Last week, while taking a little "Spring Break" with my family, I had an incredible Chicago-style hot dog. We had gone on a little hike, and drove up upon this place on our way back.
It was a hot dog. It was fantastic.
Yesterday was my wedding anniversary. If it wasn’t for Covid, we likely would have gone out for a nice dinner together.
Imagine - sitting at a nice restaurant, having a glass of wine, and that same exact hot dog is on your plate.
Would it taste as great? Probably not.
Context: “a frame that surrounds, which provides resources for its appropriate interpretation”
What is great for some people in some situations, isn’t for other people or in other situations.
Everyone you talk to or that you’re trying to sell to each has a different frame surrounding them, thus, a different way to interpret your offering. And, for each individual, that frame may change day-by-day, or even minute-by-minute.
Understanding the context of your solutions...
1) It’s a way to frame your messaging via transparency.
2) It’s also such an important mindset to have when doing discovery.
Your Messaging & Your Discovery
I'm mostly Italian. I love great Italian food.
To me, Olive Garden is not Italian food. I've eaten there, laughed at how bad I thought it was, but gave it another chance. It was worse the second time.
Yet - MANY people LOVE Olive Garden. For example, here's the review snippet for a local Olive Garden via Google - 1300+ reviews at a score of 4.2. That's really solid!
When you go to an Olive Garden, you're not heading out for high end. You're going to a moderately priced, family-style Italian themed chain restaurant loaded with a pile of breadsticks.
If you're expecting a high end Italian meal, you are likely to be disappointed.
Same food either way, but one context = satisfaction, and another? Dissatisfaction.
Do you know...
- When is your solution awesome for a client?
- When is it not?
Use that in your positioning.
My business offers workshops and keynotes. My programs amalgamate sales & science into easy-to-implement ways to improve your positioning, messaging, presenting, negotiating and sales leadership. It's "learn it in the morning, use it in the afternoon, see results the next day."
I don't teach prospecting, per se. I teach clinical empathy, using that as a lens into effective prospecting, but I don't teach a "prospecting class".
I don't teach a comprehensive "methodology". Transparency is a philosophy-plus-application, not a formal methodology like ValueSelling, SPIN, Target Account Selling, Sandler, etc...
The negotiation program is mind-boggingly effective and easy in some organizations, but it can be square-peg-round-hole in others. If an organization doesn't care about how fast it collects cash, client commitment or trying to maximize deal values, it won't work. And...I've had a couple of large companies who have clients whose clients pay them in arrears (and that's cool), buy as they go (versus making a commitment), and are totally cool with massive discounting as long as deals get done - and I walked away quickly.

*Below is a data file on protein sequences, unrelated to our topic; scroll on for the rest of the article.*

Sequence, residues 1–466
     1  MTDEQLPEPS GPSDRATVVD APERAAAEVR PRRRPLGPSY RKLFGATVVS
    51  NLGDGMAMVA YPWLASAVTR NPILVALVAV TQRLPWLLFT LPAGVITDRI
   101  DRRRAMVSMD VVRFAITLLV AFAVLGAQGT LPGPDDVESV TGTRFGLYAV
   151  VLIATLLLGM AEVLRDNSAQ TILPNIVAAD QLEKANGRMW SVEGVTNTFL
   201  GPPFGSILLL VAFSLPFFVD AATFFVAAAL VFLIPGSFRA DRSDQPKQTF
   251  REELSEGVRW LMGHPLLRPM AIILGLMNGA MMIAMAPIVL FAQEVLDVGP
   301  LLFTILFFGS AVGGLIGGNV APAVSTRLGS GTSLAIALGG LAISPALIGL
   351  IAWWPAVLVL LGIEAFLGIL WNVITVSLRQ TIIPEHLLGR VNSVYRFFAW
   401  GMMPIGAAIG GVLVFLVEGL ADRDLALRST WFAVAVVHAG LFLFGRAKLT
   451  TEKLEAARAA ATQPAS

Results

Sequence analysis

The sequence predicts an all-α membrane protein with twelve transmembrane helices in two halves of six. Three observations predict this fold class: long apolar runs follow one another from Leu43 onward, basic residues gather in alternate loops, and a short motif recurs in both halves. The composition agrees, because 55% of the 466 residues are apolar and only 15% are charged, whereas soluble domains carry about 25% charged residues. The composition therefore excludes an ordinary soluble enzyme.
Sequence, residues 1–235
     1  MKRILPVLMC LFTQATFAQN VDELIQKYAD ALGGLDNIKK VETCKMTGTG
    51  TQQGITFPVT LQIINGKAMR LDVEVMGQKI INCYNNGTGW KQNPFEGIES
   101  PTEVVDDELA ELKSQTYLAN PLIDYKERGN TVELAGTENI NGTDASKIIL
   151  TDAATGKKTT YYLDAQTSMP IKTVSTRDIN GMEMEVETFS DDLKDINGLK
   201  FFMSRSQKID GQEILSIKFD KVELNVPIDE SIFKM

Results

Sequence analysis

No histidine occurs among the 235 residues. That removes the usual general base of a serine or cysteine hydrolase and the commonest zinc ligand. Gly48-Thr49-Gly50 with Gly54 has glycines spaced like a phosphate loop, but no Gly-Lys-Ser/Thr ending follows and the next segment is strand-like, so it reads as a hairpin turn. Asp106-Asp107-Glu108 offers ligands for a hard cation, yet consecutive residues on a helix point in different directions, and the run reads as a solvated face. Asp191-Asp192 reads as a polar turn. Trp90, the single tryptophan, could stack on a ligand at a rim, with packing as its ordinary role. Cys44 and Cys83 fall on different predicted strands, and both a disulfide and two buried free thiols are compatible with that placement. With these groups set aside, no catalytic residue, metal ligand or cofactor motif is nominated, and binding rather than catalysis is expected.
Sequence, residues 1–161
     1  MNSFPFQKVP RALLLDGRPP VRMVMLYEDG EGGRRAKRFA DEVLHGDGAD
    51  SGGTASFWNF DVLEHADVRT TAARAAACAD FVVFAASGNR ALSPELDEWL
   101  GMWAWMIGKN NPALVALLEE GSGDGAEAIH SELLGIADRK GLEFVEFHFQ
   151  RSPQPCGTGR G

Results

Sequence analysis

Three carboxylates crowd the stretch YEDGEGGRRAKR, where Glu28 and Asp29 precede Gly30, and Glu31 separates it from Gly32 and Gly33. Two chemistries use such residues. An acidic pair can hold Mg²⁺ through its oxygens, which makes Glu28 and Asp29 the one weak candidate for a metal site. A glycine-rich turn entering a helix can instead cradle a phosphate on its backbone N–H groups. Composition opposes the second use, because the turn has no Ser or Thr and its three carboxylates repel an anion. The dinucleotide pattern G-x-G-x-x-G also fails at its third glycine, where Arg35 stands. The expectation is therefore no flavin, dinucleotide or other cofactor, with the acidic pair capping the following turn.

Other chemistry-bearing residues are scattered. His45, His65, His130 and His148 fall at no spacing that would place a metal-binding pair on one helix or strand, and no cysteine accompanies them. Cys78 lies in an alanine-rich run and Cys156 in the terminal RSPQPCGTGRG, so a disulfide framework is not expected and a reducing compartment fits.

I list every client logo for every client I have on my website's homepage. Every single one (except one who put in the contract that I couldn't use their logo, but that's besides the point). I only want to work with the prospects and customers who I can feel awesome about putting on there.
If it's not going to work, I (a) want to refer them to someone else and (b) want to do (a) as quickly as humanly possible so I can spend my time on the ones that will work.
That is my sole mindset in discovery & qualification, and I would hope is yours, too...and your leader's.
Get in front of a whiteboard. Think about the most successful clients you have. What was their context? What was it about the timing, the individuals you were speaking with, the circumstances, and your solution that hit such a homerun? Start writing down the traits.
Then, think about the times you either struggled to find success with a client, or lost SLOWLY. What was their context? What was it about the timing, the individuals you were speaking with, the circumstances, and your solution?
This was an incredibly helpful exercise when I did it - with myself and for my own business.
It informs my positioning, messaging, discovery and qualification.
It optimizes who I work with, and when I refer out.
It speeds my sales cycles and increases my win rates.
It increases my referrals, positive reviews, book sales.
It increases my own love for what I do.
What do you think? Better to let the customer decide based on their own context, or to be the personal trainer who tells them "you may have better options other than us"?
By the way, reviews are incredibly helpful to me and my business. If you're so inclined, I'd love it...:
As we used to say in grade school, "I'll be your best friend!"